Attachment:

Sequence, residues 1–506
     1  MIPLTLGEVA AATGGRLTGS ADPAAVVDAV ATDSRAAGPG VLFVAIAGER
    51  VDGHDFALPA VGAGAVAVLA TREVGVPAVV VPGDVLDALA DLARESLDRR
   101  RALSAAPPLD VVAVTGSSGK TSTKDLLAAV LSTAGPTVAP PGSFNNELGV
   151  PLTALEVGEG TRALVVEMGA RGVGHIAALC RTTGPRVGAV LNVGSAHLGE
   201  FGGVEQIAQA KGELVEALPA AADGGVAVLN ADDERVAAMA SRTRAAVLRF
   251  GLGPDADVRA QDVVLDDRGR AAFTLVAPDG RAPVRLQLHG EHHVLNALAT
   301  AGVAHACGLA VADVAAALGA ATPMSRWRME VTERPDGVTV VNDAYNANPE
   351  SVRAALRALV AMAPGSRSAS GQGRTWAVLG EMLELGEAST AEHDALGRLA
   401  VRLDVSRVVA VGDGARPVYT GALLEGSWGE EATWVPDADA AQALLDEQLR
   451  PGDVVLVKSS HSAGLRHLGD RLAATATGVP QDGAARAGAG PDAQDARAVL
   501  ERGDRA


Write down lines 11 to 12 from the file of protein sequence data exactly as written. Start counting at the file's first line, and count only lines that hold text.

   451  PGDVVLVKSS HSAGLRHLGD RLAATATGVP QDGAARAGAG PDAQDARAVL
   501  ERGDRA